– Elin Jones, Plaid Cymru Shadow Health Minister
The figures are alarming and show how vital it is that the Health Minister finally takes a hold of this situation.
The austerity cuts being imposed on the public sector by the Tory-Lib Dem government are now being felt in the NHS.
This crisis has been mounting for some time, despite the Minister’s assurances that bailouts to LHBs have ended.
She now needs to be honest about the scale of the problem.
Welsh Liberal Democrat leader Kirsty Williams says the Wales Audit Office report predicting that the Welsh health service could end the year up to £131m in the red is 'of grave concern.' She added:
This is a serious amount of money and I am deeply concerned that towards the end of the financial year, when budgets will be extremely tight, vital services will have to close putting patient care and safety at risk.
We saw this happen last year and some LHBs didn’t even manage to meet their financial targets. I fear that towards the end of this financial year, patients across Wales will start to really feel the consequences of Labour’s mismanagement of our NHS.
Responding to the Wales Audit Office report, the Conservatives' Shadow Health Minister Darren Millar said:
These damning figures confirm that the Welsh NHS is on the brink of financial meltdown.
The Wales Audit Office report flies in the face of recent assurances from the NHS Chief Executive that all health boards would break even by the end of the financial year.
This situation is now completely unmanageable. The financial challenge our health boards are facing is driving unpopular and dangerous service change; making targets more difficult to achieve and putting immense pressure on hardworking frontline staff.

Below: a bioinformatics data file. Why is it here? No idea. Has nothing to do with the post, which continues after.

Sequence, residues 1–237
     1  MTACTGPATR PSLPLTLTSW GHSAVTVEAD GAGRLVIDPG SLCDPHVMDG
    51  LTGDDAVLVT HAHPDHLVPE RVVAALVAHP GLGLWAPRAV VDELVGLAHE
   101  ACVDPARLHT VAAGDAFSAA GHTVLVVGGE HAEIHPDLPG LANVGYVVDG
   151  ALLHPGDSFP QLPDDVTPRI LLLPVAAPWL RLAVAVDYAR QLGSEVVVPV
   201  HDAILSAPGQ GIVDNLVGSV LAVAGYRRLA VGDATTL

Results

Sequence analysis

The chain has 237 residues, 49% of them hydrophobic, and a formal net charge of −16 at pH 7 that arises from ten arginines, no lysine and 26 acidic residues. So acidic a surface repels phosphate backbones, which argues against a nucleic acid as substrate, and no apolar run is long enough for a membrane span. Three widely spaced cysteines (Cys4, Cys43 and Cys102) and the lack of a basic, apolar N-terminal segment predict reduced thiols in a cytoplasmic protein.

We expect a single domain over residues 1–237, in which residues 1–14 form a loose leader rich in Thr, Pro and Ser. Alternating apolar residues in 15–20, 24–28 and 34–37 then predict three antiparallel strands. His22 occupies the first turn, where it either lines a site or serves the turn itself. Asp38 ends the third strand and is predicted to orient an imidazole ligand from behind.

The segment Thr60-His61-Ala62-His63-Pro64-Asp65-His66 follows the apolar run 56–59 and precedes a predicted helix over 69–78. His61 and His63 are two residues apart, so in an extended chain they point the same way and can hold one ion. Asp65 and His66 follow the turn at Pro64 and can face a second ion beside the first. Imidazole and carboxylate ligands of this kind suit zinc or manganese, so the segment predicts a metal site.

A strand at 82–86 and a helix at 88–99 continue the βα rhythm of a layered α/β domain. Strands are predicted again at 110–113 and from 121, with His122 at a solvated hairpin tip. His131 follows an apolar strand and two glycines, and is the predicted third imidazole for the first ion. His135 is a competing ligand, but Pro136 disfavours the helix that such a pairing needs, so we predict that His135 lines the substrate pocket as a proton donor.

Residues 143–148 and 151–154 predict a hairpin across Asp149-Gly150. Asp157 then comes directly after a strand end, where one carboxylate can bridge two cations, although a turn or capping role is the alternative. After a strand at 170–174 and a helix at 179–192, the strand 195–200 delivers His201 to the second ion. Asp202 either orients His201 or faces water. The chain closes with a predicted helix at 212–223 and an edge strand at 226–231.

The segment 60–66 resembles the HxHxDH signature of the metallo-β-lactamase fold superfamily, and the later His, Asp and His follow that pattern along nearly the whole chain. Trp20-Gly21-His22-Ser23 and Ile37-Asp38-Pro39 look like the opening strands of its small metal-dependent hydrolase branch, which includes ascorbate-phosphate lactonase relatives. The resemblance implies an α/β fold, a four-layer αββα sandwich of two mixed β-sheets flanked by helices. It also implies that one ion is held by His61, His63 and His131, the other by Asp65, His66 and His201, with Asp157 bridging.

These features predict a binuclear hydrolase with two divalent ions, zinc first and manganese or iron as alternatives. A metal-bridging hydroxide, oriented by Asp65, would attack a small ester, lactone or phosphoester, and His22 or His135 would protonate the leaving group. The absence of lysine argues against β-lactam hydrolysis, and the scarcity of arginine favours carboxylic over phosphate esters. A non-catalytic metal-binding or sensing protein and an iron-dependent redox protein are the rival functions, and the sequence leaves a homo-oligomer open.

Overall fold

The Welsh NHS could end the financial year £131.4 million in the red, according to the spending watchdog the Wales Audit Office. Its report says the best case scenario would see local health boards ending the financial year £46 million over budget.
The most likely scenario, according to the WAO, is that the combined overspend will be £69.6 million. In a letter to Assembly Members, the Auditor General for Wales, Huw Vaughan-Thomas warns that it'll be a 'major challenge' just to contain the overspending.
A Welsh Government spokesperson gave us this statement in response to the Wales Audit report into NHS finances;
– WELSH GOVERNMENT SPOKESPERSON
The Wales Audit office recognises the achievement of NHS organisations in meeting their financial targets and that we have taken a prudent course of action to support them.
It is important to note that additional funding was not a bailout. The Health Boards were allowed to draw down a small percentage (0.2 %) of the future year's funding in order to provide some flexibility to manage their finances across the financial year end. As a condition of this flexibility, an exteral financial review of these organisations' financial plans has been commissioned.
The statement went on to say;
– WELSH GOVERNMENT SPOKESPERSON
We are investing more than 43 per cent of the total Welsh Government budget in Health and Social Services, despite significant cuts to our budget by the UK Government.